Republican News · Thursday 06 July 2000

[An Phoblacht]

ESB defeats Cobh people

Democracy received a severe knock last Wednesday (28 June), when the High Court upheld the ESB's challenge to a Cork County Council decision.

In March 1999, the councillors, as a result of a very strong campaign across Cobh Island and the Cork Harbour area, adopted a Section 30 motion to overrule planning permission the council had originally granted to the ESB, in February 1997, to erect 80 pylons to carry a 220kv line from Aghada in East Cork across Cork Harbour to Rafeen. Judge Finnegan, in a reserved judgement last week, overruled the Council's Section 30 motion in favour of the ESB's Appeal.

Forty three local landowners were a notice party in the action, which has united Cobh people in protest against yet further above-ground ESB high voltage lines, which they say destroy a beautiful island, and are a health hazard to people and their livestock. As in other EU countries, the ESB should put the cabling underground.

Next stop in the campaign is a public meeting on 11 July and the return of cohorts of eco-warriors who are actively committed to preserving the environment of Cobh from the ravages of the ESB.


``Hugely significant'' OSPAR vote

Twelve of the 15 countries at the OSPAR Convention in Copenhagen last Thursday (29 June) called for an end to nuclear reprocessing and the implementation of dry storage. The decision left Britain and France, which continue to spew millions of litres of radioactive waste into the sea, polluting the North East Atlantic Marine environment, from their state-owned reprocessing facilities at La Hague and Sellafield, politically isolated.

Although the UK and France will argue that they are not bound by the decision, which they (and Luxembourg) didn't support, the vote has been hailed as a major landmark in the battle to force BNFL to shut down the British government's reprocessing facility. At present, BNFL has undertaken to bring radioactive discharges into the sea `close to zero' by 2020.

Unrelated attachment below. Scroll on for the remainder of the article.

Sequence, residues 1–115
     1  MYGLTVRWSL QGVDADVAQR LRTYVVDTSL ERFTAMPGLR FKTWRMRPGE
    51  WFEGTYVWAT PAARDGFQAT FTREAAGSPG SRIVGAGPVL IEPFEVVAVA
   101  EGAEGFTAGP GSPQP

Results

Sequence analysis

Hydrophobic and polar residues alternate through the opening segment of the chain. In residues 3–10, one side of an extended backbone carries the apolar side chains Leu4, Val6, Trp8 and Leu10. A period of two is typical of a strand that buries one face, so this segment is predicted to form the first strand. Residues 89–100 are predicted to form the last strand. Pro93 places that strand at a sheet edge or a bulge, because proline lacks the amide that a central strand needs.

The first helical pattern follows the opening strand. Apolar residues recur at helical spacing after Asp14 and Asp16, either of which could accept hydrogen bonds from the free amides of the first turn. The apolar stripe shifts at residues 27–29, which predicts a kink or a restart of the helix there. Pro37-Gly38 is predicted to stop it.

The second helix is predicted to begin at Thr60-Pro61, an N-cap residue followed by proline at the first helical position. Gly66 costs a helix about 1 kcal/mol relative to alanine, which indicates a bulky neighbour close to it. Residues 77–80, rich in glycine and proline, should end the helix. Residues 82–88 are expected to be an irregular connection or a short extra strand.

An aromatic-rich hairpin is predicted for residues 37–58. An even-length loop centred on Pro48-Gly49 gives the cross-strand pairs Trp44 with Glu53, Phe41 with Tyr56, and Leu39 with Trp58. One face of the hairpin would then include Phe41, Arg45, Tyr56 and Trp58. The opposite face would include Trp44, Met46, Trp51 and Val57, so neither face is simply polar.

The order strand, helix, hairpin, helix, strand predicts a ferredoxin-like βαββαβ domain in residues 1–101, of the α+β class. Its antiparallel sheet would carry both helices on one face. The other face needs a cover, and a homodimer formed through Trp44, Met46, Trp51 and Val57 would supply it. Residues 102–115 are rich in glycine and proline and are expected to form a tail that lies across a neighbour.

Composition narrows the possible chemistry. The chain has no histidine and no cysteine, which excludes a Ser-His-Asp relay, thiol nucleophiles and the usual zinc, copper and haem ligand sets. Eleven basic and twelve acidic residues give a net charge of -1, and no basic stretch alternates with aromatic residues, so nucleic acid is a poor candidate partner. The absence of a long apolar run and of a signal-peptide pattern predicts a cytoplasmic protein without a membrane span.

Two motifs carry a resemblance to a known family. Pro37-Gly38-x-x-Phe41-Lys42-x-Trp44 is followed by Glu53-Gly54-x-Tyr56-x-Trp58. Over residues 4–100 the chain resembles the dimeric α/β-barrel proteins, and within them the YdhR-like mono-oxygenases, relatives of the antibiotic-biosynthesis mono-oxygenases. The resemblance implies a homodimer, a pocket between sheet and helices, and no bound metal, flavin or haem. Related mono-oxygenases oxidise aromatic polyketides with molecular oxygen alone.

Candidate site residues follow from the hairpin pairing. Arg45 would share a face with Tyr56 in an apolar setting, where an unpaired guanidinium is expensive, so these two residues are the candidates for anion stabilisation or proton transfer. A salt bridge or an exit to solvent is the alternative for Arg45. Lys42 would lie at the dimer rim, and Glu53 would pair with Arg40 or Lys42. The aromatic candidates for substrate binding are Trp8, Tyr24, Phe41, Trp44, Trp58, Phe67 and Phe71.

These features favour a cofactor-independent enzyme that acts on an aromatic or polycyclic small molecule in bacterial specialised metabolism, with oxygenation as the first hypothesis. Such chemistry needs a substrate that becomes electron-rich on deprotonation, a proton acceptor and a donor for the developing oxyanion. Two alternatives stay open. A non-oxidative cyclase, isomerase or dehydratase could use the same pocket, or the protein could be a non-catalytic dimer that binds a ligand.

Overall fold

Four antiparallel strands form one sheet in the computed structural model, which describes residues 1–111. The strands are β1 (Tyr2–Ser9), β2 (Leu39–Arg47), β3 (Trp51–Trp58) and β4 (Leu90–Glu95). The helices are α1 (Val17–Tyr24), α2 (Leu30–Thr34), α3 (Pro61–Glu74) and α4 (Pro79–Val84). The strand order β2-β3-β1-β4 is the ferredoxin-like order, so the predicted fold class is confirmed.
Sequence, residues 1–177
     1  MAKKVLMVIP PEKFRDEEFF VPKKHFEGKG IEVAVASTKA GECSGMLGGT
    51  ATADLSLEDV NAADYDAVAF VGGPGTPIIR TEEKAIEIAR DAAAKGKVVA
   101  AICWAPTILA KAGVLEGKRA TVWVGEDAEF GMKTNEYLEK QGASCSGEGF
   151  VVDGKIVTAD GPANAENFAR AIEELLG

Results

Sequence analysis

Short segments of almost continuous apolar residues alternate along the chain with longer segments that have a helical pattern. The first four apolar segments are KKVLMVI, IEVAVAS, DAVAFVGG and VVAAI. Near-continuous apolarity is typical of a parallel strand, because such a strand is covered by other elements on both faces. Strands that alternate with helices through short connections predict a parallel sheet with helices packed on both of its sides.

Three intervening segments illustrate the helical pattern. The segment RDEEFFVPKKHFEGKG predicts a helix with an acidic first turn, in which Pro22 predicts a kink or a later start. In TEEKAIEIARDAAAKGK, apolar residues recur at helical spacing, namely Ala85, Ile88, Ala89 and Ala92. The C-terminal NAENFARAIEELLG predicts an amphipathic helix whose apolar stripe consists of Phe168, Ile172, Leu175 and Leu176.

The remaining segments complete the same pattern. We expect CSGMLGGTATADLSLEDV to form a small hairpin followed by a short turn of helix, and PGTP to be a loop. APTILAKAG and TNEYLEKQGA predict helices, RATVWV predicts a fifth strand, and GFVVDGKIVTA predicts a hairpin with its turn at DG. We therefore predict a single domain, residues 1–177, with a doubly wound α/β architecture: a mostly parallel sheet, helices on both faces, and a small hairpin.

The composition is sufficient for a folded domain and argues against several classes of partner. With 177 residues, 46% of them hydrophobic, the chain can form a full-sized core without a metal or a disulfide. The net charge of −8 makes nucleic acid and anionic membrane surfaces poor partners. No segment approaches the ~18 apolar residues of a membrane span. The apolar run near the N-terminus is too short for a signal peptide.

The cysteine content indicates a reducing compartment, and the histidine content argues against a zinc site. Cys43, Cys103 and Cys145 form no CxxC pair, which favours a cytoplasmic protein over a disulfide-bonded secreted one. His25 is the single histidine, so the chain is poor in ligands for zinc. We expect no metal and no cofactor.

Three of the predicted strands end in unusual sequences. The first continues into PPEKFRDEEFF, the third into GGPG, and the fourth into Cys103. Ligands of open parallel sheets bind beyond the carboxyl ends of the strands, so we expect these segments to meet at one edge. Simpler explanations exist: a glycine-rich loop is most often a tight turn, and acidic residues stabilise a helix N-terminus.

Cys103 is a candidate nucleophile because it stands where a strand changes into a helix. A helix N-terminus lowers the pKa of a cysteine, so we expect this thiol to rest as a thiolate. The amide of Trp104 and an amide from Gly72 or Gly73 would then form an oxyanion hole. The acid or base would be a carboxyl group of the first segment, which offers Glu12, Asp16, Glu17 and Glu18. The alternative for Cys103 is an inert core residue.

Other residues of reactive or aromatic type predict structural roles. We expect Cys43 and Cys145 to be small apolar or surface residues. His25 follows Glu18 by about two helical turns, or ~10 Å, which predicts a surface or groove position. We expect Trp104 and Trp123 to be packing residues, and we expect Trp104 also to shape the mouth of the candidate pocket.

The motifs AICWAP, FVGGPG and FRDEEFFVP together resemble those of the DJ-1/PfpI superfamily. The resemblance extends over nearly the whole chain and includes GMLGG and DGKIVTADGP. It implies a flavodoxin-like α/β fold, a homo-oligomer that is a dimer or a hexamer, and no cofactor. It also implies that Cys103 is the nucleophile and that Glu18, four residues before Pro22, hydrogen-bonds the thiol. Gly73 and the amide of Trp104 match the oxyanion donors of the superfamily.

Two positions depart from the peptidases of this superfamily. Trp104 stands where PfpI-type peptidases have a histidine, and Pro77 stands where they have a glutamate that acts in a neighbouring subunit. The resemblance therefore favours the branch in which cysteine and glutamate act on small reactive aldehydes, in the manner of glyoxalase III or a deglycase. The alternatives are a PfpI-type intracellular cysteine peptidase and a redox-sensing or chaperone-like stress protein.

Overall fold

A Greenpeace poll showed 9 out of 10 British adults believed that Sellafield's radioactive waste discharges into the sea should be stopped.


Silvermines lead pollution

A report from inter-agency experts has confirmed what local people knew already, that Mogul Ireland's tailing pond from their mining operations at Silvermines, County Tipperary, has polluted the environment, including the local National School Playground, with lead. The long awaited report was presented last week (27 June) to an angry meeting of 300 people.

Aidan Murray, a Department of Agriculture officer chairing the inter-agency investigation, says that Mogul, now a subsidiary of Ennex Int., will be liable, under terms of its lease, for the damage.

But Anne Butler, director of the EPA, claims that the report's findings have not shown any shortcomings in environmental monitoring, and the cattle deaths resulting from lead poisoning, (at least three) ``were not on a major scale''.

This does little to assuage the fears of the villagers at Silvermines that the EPA can be relied on to throw out, once and for all, US Waste Management Inc.'s plans for a super dump at the old mine above the village. Controversy over government plans for regional incineration plants only reinforce these fears.


WHO calls for research into mobile phone use

Protestors against mobile phone masts and base stations can take heart.

The World Health Organisation, in a landmark decision last Wednesday, 26 June, called for more research into the recent findings that the use of mobile telephones may have adverse effects on brain activity, reaction times and sleep patterns.

Current research indicates that mobiles phones do affect some medical devices, including pacemakers and hearing aids. Researchers are not sure what to make of the results of the 1997 research showing that radio frequency fields increased the rate by which genetically engineered mice developed lymphoma.

Meanwhile the WHO has recommended limiting exposure times through use of mobile phone, especially by children.

There are expected to be 1.6 billion users of mobile phones worldwide by 2006.

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